Troutbeck, in Amenia, New York, stands at the nexus of American History.  Once the private estate of Joel Spingarn, Troutbeck has been host to creative thinkers, artists and activists for centuries. It was the location of the Amenia conferences which were transformational for the Civil Rights Movement and the NAACP.

An historic hub of creativity and activism hosts a new generation of thinkers

Some of our IMS 8th graders have engaged in a year-long history project, along with students from several surrounding independent and public schools, to study change-makers both famous and lesser known, and uncover the hidden past in our area related to Troutbeck and the early Civil Rights Movement in the U.S. 

This months-long project culminated at the Troutbeck Symposium on April 28 and 29.  Students presented their research, engaged in discussion and heard reflections from guest scholars. In many ways, the symposium was a bridge between the past and the present, providing a forum for a new generation of scholars.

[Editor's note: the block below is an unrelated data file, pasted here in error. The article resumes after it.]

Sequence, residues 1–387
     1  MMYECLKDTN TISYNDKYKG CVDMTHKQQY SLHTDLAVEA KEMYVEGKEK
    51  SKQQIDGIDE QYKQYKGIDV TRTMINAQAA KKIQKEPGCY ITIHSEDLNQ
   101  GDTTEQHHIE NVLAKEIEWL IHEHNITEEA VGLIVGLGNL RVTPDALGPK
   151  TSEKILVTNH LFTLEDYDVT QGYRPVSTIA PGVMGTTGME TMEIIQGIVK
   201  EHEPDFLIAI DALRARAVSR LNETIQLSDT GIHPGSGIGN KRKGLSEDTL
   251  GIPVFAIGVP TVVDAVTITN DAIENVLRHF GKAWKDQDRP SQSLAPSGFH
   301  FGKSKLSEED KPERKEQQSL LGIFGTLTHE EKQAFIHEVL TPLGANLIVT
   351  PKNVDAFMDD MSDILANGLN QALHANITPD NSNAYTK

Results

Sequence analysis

The symposium began with 8th Grade representatives of the choral group, Mountain Voices, singing “Lift Every Voice and Sing,” by James Weldon Johnson, an early 20th century activist, teacher, poet, scholar and participant at the Amenia Conference at Troutbeck in 1933. The song was followed by IMS student Mansa A., whose research this year focused on James Weldon Johnson. Mansa shared her poem, in which she wove her original prose with lines from “Lift Every Voice and Sing.” 

Harmonies of Liberty: